Every author constantly changes and so many young authors have quirks in their style about which they can only shake their heads a few years later. What comes to your mind when you read old manuscripts? Anything you would shake your head about nowadays?

I try not to read them for that reason! I have a feeling what I did wrong in past stories, and try to correct it, without torturing myself by going back and seeing the problem. There were times when my dialogue stretched on too long, or when I spent too long in a character’s head, or just words or gestures that I overused.

For which book would you like to have an alternative ending? And why?

With the “Darkest Powers” in particular, I would have made the ending to “The Summoning” a little less of a cliffhanger :)

Regarding your plans for the future: Can you tell us about books to come? Are there many ideas for the Otherworld and Darkest Power series or might there even be another supernatural series?

The "Otherworld" will end (at least temporarily) with book 13. I’ve just sold a new adult series that has some supernatural elements, but is more mystery. That will follow the Otherworld. The Darkest Powers will go to at least nine books -that’s how many my English language publishers have bought.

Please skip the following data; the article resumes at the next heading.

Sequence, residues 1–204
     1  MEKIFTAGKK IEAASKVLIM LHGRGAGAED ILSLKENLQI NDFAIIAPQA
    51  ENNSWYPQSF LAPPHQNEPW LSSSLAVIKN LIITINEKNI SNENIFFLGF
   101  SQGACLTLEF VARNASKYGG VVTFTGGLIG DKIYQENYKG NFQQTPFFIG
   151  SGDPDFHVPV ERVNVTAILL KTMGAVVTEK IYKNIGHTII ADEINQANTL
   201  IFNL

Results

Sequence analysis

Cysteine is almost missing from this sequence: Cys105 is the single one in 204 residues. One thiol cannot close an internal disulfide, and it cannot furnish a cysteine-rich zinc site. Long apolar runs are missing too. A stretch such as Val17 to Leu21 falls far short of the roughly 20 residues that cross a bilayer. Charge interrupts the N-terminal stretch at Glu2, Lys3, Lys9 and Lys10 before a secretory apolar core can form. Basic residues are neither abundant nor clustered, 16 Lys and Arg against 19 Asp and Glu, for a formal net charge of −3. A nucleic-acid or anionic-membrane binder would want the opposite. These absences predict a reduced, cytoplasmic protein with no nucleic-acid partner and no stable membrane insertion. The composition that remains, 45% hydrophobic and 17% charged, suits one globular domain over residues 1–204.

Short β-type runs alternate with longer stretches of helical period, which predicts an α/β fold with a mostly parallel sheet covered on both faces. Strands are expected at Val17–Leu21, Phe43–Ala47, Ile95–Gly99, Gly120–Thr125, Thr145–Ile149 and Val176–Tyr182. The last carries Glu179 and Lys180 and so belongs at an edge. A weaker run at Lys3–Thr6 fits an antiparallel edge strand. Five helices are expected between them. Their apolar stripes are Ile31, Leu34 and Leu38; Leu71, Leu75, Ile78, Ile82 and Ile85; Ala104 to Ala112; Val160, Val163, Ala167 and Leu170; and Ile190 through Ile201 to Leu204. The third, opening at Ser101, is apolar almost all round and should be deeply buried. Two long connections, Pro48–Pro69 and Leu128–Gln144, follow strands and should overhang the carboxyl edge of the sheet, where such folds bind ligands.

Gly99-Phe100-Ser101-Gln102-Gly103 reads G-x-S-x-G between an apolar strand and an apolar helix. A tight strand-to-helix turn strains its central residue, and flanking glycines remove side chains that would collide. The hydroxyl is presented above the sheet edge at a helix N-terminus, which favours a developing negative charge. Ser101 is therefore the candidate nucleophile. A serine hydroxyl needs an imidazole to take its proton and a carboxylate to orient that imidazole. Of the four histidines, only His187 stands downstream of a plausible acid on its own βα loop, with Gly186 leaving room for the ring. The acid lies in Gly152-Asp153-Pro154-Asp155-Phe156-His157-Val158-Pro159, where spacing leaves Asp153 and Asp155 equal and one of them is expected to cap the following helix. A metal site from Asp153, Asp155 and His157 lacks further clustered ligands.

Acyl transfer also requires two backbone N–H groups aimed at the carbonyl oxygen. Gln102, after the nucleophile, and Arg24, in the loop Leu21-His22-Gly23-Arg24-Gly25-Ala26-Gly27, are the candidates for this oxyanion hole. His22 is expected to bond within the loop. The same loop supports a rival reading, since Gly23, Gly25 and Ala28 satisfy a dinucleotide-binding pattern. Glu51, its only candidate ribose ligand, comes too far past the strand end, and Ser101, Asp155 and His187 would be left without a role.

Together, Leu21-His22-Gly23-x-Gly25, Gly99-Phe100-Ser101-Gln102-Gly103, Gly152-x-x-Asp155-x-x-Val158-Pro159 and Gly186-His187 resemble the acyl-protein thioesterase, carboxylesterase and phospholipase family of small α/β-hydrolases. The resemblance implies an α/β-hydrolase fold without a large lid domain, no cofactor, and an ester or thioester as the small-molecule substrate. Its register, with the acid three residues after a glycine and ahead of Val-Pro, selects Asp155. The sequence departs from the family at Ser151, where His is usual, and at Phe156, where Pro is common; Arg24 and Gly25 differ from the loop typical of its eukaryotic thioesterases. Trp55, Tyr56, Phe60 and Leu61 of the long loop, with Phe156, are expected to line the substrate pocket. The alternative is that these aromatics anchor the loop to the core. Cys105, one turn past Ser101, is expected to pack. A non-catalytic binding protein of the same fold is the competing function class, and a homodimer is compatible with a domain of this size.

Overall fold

If you couldn't be an author, what would you like to do for a living?

I love telling stories, and I’ve been doing it from childhood.  Even if I hadn’t ever gotten published, I would have continued to write. If I wasn’t an author, I’d probably still be in my former career, which was a computer programmer. I’d picked that because I enjoyed it enough that if the writing never panned out as a career, I’d still have a job that I liked.

Thank you very much for the interview and I wish you continuing success with your novels!